Schloss Hellbrunn, Salzburg, May 2018
Apparently, pleasure palaces were all the rage in the early seventeenth century, and Archbishop Markus Sittikus helped set that trend. He became Prince-Archbishop of Salzburg in 1612 and didn’t take long to place his mark on the city. The foundation stone of the new cathedral was laid in 1614 and work on his palace seems to have started in 1613. Hellbrunn, named for the clear spring that provides water on site, was a palace designed for relaxing and entertaining; for day visits not for accommodation; for fun not serious. He ensured the place was adorned with quirky and amusing items to be enjoyed by the archbishop and his friends.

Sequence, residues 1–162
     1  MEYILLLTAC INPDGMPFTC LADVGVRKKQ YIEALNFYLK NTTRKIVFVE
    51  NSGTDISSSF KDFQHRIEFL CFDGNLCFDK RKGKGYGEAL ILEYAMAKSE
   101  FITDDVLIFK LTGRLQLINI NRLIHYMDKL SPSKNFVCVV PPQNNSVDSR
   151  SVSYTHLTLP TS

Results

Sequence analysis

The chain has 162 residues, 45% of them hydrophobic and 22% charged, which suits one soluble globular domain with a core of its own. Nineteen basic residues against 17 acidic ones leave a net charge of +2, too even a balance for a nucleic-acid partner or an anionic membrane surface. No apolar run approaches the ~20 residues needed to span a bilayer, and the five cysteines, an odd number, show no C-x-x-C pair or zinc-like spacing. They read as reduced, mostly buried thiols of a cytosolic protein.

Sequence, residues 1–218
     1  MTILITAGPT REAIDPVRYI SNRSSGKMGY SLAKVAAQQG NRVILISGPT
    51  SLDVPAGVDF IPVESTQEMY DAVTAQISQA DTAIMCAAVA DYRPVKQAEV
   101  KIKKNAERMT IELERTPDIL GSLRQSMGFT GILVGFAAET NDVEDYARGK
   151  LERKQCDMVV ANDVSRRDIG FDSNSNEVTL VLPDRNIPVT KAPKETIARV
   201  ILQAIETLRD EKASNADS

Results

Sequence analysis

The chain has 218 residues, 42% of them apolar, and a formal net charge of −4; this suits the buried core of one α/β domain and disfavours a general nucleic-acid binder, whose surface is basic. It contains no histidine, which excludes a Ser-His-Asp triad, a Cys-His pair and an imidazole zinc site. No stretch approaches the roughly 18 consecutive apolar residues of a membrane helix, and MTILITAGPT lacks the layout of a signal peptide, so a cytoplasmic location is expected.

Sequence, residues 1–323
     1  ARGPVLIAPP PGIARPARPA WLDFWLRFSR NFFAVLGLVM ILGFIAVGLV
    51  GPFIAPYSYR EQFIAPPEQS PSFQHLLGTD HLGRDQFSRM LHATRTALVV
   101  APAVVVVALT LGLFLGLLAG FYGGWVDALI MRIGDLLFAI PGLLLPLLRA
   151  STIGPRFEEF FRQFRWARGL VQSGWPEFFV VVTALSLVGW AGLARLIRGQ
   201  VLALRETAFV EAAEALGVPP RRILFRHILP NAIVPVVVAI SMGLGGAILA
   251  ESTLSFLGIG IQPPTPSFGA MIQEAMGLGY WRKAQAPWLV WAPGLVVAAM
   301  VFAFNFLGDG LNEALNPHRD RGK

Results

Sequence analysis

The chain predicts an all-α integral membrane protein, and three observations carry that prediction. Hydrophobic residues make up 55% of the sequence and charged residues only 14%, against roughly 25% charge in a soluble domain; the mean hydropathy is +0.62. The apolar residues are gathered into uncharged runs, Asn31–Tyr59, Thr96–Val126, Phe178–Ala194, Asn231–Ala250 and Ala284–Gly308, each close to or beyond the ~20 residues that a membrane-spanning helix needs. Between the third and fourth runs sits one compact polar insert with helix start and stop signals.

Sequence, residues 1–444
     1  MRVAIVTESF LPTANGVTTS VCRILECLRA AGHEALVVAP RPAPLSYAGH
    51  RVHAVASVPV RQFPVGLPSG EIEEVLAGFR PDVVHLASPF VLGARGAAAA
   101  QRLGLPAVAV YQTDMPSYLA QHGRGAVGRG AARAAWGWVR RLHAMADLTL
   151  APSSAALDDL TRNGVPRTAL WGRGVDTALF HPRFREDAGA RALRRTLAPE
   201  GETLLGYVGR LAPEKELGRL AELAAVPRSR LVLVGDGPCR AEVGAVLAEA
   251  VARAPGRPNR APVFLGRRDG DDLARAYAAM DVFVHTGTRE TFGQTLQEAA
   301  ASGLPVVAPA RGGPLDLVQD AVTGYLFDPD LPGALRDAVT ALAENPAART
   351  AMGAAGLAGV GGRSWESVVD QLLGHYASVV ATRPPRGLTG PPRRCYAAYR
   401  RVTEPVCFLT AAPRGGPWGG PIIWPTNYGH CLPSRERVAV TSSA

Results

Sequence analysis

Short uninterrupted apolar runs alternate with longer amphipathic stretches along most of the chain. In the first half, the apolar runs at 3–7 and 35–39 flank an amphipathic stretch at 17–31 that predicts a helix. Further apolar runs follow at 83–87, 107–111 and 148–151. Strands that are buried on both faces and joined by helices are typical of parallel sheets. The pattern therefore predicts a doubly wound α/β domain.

The place is now open to the public and its water fountains are a particular delight for summer visitors (you will get wet!) whilst, inside, there are stuffed unicorns and paintings of unusual animals. As for the eight-legged horse that came to Hellbrunn in 1673, according to its inscription, little is known, but it may well have take some inspiration from the Norse myth about Odin’s horse, Sleipnir. Whatever his heritage, he is a fine-looking steed.
Copyright Debbie Smyth, 2 March 2021
Posted as part of Cee’s Fun Foto Challenge